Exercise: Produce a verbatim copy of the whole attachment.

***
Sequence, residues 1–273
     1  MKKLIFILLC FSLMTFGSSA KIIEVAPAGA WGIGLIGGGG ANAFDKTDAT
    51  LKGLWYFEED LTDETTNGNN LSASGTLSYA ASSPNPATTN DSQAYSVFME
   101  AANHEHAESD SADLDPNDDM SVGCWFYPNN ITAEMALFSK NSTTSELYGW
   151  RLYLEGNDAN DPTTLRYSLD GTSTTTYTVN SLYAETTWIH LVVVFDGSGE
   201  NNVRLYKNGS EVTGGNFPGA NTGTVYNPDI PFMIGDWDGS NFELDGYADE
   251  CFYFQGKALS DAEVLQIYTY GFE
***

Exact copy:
Sequence, residues 1–273
     1  MKKLIFILLC FSLMTFGSSA KIIEVAPAGA WGIGLIGGGG ANAFDKTDAT
    51  LKGLWYFEED LTDETTNGNN LSASGTLSYA ASSPNPATTN DSQAYSVFME
   101  AANHEHAESD SADLDPNDDM SVGCWFYPNN ITAEMALFSK NSTTSELYGW
   151  RLYLEGNDAN DPTTLRYSLD GTSTTTYTVN SLYAETTWIH LVVVFDGSGE
   201  NNVRLYKNGS EVTGGNFPGA NTGTVYNPDI PFMIGDWDGS NFELDGYADE
   251  CFYFQGKALS DAEVLQIYTY GFE